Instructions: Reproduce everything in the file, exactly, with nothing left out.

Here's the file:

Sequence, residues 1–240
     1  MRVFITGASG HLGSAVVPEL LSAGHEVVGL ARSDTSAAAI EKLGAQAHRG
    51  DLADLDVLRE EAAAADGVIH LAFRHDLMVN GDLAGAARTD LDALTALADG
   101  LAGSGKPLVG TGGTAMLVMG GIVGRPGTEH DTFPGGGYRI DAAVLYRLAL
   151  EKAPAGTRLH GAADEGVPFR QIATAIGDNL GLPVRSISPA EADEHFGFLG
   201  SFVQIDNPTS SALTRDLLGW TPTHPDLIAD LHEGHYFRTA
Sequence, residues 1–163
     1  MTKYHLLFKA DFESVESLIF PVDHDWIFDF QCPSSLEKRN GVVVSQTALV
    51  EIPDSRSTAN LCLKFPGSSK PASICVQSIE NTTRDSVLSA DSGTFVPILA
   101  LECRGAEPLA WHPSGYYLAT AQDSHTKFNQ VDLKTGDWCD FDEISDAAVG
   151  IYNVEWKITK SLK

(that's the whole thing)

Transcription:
Sequence, residues 1–240
     1  MRVFITGASG HLGSAVVPEL LSAGHEVVGL ARSDTSAAAI EKLGAQAHRG
    51  DLADLDVLRE EAAAADGVIH LAFRHDLMVN GDLAGAARTD LDALTALADG
   101  LAGSGKPLVG TGGTAMLVMG GIVGRPGTEH DTFPGGGYRI DAAVLYRLAL
   151  EKAPAGTRLH GAADEGVPFR QIATAIGDNL GLPVRSISPA EADEHFGFLG
   201  SFVQIDNPTS SALTRDLLGW TPTHPDLIAD LHEGHYFRTA
Sequence, residues 1–163
     1  MTKYHLLFKA DFESVESLIF PVDHDWIFDF QCPSSLEKRN GVVVSQTALV
    51  EIPDSRSTAN LCLKFPGSSK PASICVQSIE NTTRDSVLSA DSGTFVPILA
   101  LECRGAEPLA WHPSGYYLAT AQDSHTKFNQ VDLKTGDWCD FDEISDAAVG
   151  IYNVEWKITK SLK